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Thursday paper round-up: Lloyds, Federal Reserve, M&S

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Treasury takes step towards Lloyds sale; Federal Reserve confident about US growth; Marks and Spencer sees another fall in clothes division.

Lloyds has started to prepare a prospectus for a sale of about £6bn of its taxpayer-owned stake to ordinary investors and City institutions in what could be one of the Government’s most eye-catching measures in the Budget. Steve Davies, co-manager of the Jupiter UK Growth fund, said: “The timing works perfectly. It will be after Lloyds’ results, when the bank should give guidance that the loan book is growing and costs are improving, and will come as about £50bn from Vodafone’s sale of its Verizon stake will flow to shareholders.” – The Times

ARM Holdings‘ chief executive has said the emergence of low-cost smartphones and Apple’s move into China will drive sales at the British microchip designer. Speaking at the Consumer Electronics Show in Las Vegas on Wednesday, Simon Segars said that as the price of mobile phones falls, billions of people are going to be able to upgrade to newer models. This will have a knock-on effect for ARM as around 95% of the world’s smartphones use its chip technology. – The Daily Telegraph

Federal Reserve policymakers displayed increasing confidence about the US economic outlook last month, but held strongly divergent views on how rapidly to scale back the central bank’s easy-money stimulus programme. Minutes from the Federal Open Markets Committee meeting, published yesterday, revealed that the decision was fiercely debated with some members wanting to hold back and others suggesting a much deeper reduction. – The Times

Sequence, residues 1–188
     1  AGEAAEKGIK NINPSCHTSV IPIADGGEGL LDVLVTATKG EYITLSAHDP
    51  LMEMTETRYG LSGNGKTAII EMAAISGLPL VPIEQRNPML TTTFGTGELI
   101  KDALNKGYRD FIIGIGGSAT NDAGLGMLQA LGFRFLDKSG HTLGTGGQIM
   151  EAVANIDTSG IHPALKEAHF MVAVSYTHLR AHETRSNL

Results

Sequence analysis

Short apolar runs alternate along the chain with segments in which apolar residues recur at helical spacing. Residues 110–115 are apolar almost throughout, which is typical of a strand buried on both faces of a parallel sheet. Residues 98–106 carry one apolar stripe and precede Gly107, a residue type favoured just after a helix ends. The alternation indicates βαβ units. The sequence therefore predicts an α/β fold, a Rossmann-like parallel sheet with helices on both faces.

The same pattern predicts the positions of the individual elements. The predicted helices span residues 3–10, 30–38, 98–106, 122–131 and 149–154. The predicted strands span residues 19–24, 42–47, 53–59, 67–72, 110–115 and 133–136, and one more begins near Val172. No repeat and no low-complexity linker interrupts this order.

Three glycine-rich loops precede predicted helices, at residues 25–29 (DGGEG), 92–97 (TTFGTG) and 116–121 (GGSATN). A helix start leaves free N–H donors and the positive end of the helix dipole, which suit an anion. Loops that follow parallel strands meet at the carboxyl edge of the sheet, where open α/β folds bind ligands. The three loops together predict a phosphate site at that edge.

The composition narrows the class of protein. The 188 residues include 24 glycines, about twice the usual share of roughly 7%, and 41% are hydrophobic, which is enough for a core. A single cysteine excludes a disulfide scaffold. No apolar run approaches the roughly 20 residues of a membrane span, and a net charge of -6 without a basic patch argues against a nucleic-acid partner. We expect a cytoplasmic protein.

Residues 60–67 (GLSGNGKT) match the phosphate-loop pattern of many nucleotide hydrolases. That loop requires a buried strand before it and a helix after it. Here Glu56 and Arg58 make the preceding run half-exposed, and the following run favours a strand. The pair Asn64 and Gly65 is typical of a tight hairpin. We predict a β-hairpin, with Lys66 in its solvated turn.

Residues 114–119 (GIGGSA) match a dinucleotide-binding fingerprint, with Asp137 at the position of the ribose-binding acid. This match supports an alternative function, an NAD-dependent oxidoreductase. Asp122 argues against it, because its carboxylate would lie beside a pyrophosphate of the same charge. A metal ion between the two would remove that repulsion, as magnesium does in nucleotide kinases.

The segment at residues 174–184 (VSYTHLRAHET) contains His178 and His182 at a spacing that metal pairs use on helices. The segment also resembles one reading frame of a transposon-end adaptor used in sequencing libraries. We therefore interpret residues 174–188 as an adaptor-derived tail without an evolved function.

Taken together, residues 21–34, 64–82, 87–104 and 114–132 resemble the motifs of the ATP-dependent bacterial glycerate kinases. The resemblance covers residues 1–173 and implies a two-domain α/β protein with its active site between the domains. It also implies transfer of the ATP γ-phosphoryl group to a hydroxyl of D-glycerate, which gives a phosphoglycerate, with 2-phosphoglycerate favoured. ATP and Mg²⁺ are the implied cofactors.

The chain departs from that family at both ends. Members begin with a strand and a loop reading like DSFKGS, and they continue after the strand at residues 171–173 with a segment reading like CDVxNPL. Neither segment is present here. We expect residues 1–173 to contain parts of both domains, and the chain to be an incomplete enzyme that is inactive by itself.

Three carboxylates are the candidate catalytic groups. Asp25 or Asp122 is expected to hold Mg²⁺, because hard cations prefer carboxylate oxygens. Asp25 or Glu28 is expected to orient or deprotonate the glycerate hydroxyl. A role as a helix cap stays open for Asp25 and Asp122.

BT and BSkyB may have to engage in a new multi-billion-pound battle for pay-TV supremacy as early as this year, because the Premier League wants to bring forward the next auction of football broadcasting rights by up to six months. The plan has been aired by the Premier League in private meetings with broadcasters and has met some opposition. BSkyB and BT are already paying record sums for rights. – The Daily Telegraph

Marks & Spencer has suffered a tenth successive quarterly like-for-like sales decline in its beleaguered homewares and clothing division. The group admitted that a series of discounts to drive seasonal sales – including a pre-Christmas “Mega Day” with reductions of up to 30% on clothing lines – would hit profit margins when full-year results are reported later this year. – The Scotsman